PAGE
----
I first came across Robert Ryman’s work on the PBS’s documentary series Art 21 – Art in the Twenty-First Century. He was featured in season 4’s episode Paradox. I have since had the chance to see and sit with his work in person at SFMOMA and am continually drawn to his surfaces. I think to many his work easily evokes the provocation “thats not art.” The idea that his work is “all just white paint” is missing the possibilities. He has striped his work down to the most basic elements of material, surface, structure and scale. The resulting works bring up questions about the distinctions between painting and sculpture, surface and ornamentation. How we perceive those things changes our aesthetic experance.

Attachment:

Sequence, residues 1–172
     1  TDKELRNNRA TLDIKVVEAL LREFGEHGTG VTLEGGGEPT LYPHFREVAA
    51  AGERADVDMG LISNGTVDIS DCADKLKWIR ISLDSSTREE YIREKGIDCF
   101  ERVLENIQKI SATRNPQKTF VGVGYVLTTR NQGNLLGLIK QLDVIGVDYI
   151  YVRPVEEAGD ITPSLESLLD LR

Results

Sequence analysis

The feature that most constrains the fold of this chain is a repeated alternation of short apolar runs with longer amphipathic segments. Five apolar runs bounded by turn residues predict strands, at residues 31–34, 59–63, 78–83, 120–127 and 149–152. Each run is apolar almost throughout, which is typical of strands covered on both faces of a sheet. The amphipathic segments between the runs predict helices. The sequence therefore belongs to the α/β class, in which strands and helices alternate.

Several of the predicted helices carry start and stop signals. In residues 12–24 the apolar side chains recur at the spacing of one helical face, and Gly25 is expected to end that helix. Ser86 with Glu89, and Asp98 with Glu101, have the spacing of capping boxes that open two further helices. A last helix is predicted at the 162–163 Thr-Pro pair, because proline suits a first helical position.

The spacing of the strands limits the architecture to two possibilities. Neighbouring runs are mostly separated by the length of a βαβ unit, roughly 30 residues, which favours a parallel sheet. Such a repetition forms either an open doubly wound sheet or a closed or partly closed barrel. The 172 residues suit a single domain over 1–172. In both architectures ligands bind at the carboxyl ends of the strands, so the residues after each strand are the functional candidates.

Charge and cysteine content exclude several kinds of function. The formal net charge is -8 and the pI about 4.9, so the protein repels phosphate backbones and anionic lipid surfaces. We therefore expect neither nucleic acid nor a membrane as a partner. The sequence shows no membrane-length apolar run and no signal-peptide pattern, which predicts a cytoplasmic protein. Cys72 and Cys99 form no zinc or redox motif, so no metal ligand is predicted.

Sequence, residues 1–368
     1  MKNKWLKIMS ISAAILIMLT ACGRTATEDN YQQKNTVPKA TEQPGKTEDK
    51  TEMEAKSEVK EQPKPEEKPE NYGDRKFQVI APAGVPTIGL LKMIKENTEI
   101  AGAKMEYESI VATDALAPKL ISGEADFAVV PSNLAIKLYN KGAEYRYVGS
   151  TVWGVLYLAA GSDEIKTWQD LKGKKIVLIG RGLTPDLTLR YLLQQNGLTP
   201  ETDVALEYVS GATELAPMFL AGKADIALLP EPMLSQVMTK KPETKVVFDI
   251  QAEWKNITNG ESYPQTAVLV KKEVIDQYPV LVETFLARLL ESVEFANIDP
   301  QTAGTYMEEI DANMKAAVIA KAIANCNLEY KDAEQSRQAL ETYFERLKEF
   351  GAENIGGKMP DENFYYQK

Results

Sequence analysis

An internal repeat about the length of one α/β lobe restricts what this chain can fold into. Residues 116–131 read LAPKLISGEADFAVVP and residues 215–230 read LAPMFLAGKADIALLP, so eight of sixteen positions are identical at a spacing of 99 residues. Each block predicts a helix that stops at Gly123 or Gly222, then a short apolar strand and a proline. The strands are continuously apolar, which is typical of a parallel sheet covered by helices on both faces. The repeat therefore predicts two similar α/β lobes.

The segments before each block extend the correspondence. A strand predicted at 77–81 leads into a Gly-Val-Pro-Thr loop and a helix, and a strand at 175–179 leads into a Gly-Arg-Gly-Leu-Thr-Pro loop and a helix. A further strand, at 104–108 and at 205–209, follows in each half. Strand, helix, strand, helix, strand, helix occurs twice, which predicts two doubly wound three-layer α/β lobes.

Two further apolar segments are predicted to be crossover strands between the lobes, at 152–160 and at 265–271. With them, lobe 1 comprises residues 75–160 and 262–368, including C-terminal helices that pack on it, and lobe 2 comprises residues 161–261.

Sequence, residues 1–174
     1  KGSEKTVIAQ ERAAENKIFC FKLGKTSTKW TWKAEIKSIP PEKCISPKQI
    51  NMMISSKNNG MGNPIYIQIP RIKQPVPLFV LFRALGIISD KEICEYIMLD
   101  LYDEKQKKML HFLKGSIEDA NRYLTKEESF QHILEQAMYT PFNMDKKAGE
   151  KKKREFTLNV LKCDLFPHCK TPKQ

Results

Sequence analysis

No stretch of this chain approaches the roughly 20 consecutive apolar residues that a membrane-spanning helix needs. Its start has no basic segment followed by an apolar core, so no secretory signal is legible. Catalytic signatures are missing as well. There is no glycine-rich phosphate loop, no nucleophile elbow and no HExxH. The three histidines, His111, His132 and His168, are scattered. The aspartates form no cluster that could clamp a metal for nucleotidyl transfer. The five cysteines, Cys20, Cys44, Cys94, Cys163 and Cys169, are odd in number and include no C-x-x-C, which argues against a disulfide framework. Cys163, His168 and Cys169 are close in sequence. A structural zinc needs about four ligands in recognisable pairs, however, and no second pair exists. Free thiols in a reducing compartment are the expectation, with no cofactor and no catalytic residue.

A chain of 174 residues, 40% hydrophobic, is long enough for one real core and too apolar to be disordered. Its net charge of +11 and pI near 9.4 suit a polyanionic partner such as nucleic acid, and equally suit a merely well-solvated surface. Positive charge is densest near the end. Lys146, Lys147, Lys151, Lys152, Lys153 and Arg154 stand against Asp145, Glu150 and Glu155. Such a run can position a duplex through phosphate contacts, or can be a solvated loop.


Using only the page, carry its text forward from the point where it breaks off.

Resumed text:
White has a tendency to make things visible. With white, you can see more of a nuance; you can see more. I’ve said before that, if you spill coffee on a white shirt, you can see the coffee very clearly. If you spill it on a dark shirt, you don’t see it as well. So, it wasn’t a matter of white, the color. I was not really interested in that. I started to cover up colors with white in the 1950s. It has only been recently, in 2004, that I did a series of white paintings in which I was actually painting the color white. Before that, I’d never really thought of white as being a color, in that sense.
– Robert Ryman